The work was hard. The environment was sometimes empty lands that the “boys” had to clear and build their own shelters that would eventually become the camp barracks. The discipline was tough because it had to be. The camps often were blending boys from city life with boys from country life. The times were tough…and many men and boys came without much clothing. The camps provided uniforms to wear, food to eat, a place to stay, and a purpose for the young men and boys during a time when left to their own devices, many were prone to get into trouble. The uniforms helped to instill pride in the work that they performed…for their families, their communities, and their country.
The work that the CCC did was varied around the country…but, basically, they built roads, dams, installed telephone lines, paved roads, built state and national parks, built dams, constructed fire breaks to help control fire damage, planted forests and so much more.
In return for the priviledge of being clothed in uniform and taking pride in the work that they were able to accomplish, the young men had to agree to the payment plan. That payment included three meals a day, housing, clothing, and $30 dollars a month…the men were allowed to keep $5 dollars of that money and the rest was sent home to help their parents; or, if they were married with dependents, then they sent home the $25 to their spouse to help take care of their responsibilities. Many of the young men had to not only leave their homes but some even had to go to camps out of their home states.
This program, the CCC was wonderful at rebuilding a sense of pride in young men who did not want to take help from the government…it allowed them to feel as though they were once again restoring their families by the manual labor that they did. At the same time, the CCC used the young men to construct projects that impacted the country in ways that; to this day, we are able to reap the rewards from. The work ethic that the men exibited during this time was to set a standard for generations to learn from. It was run with a military type environment…not quite a boot camp…but strong discipline and lots of physical labor. Often, the men went on to join the armed forces and used the skills they learned through the CCC to help the military in other areas around the world.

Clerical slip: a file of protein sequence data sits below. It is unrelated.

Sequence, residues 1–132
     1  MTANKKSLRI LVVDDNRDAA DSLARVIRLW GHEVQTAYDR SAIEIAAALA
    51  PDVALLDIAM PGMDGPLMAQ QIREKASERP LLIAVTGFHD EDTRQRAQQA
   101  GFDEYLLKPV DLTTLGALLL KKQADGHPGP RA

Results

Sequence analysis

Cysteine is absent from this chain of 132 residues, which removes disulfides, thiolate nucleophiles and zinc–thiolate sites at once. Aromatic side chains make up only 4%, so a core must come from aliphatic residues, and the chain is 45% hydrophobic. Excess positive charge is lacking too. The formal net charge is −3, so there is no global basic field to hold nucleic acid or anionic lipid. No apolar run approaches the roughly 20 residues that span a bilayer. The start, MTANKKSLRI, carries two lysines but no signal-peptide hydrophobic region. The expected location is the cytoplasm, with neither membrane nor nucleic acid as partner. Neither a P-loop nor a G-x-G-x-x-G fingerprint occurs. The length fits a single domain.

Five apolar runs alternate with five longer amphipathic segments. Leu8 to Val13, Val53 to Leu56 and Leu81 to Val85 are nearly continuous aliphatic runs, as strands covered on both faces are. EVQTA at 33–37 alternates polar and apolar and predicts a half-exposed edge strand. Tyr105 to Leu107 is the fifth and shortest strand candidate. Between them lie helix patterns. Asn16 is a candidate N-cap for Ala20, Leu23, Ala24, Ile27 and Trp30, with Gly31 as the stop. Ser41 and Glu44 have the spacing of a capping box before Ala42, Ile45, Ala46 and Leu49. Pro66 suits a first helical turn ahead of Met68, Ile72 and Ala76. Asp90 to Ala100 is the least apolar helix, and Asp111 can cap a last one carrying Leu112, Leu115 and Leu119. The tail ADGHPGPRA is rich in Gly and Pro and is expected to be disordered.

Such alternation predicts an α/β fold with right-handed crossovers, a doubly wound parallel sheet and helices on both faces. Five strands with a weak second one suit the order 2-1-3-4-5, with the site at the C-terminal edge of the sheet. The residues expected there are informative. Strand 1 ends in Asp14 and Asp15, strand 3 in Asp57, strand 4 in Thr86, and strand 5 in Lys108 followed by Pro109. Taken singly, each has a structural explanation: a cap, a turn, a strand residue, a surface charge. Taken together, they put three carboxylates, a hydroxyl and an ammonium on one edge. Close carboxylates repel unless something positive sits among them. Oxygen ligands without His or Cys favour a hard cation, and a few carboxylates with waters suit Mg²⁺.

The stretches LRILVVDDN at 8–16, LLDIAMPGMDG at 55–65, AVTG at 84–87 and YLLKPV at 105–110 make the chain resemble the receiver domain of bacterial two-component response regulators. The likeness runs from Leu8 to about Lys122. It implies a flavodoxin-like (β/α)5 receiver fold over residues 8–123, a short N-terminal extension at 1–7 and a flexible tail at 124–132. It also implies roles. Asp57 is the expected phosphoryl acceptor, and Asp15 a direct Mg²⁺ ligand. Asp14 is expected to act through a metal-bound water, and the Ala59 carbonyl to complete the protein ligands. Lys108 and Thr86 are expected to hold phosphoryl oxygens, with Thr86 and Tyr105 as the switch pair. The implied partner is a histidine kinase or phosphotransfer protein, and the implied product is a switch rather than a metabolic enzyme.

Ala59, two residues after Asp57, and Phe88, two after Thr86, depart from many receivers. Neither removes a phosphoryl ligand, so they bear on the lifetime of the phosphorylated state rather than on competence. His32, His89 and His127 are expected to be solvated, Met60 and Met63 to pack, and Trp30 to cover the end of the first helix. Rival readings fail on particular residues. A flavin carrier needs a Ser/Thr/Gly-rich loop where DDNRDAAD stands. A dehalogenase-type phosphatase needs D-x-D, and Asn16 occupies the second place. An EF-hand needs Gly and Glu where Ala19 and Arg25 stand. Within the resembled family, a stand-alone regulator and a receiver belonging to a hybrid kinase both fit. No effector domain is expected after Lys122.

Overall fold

Many of the parks and dams still exist and are enjoyed. The CCC camps lasted 9 years; this year honored the celebration of its 75 anniversity. The CCC put over 2.5 million young men and boys to work. They planted over 200 million trees…my own grandfather was a part of that. In the area where he worked…they planted pine trees that still stand to this day. In the area where he worked…those trees were instrumental to helping to stop the progression of a 10 acre parcel of desert which turned into over 1000 acres before the trees were able to do their job. That gave farming families a chance to regain their farm land which provided their families a place to live and plant their food supply.
All of the men who joined the CCC did work to be proud of. They worked hard, they sacrificed time away from their families and they provided for other members of their families by doing so. Many formed long lasting friendships with their co-workers and all had stories to tell when their time was done. It is a legacy that should not be forgotten. All of the work was important and should be honored. Many of the workers are gone now…some are living still and to them all…we owe a big thank you! Do you know anyone who worked for the CCC? How did it impact their life? How does it affect the environment where you live today? Should we organize something similar today to help our economy, our youth, and our country? https://writeasrain.wordpress.com/2008/07/30/impact-action-team-makes-a-difference-in-the-world-through-boot-camp-training/
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Posted in baby, Celebration, courage, crime, death, emotions, encouragement, family, grandchildren, grief, health, holidays, law enforcement, legal, life, loss, love, medical, mental and physical health, mother, news, parenting, pregnancy, religion, sadness, sex, Teen Pregnancy, trauma, tagged abortion, baby, clinic, college, decision, Education, emotional, Fear, fly, forged, fourth of july, future, grandmother, guidance, guilty, jail, judge, love, mother, parenthood, physical, pregnancy, pressure, protection, regrets, responsibilities, support, year on June 12, 2008|
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This was a very sad state of parenthood to learn about. It seems that a woman in Georgia found out that her teenaged son and his underaged girlfriend were expecting a baby. Mom or grandmother decided that they weren’t ready for parenthood. She took it upon herself to contact the girlfriend and convince her NOT to tell her parents about the pregnancy and to have an abortion. She alienated the girls parents right to love, support, and guide their daughter during one of the most important decisions she would ever make in her lifetime.
The boys mother, Cindi Cook, forged a note saying she was the girls mother and gave consent for the abortion. A judge said she was guilty of interferring with child custody and of breaking the parental notification law regarding abortion. She will be in jail for a year now because of the guilty verdict. There may be repercussions for the clinic involved as well; since they allegedly didn’t follow through and verify Cindi Cook’s claim of parentage of the teenaged girl. (more…)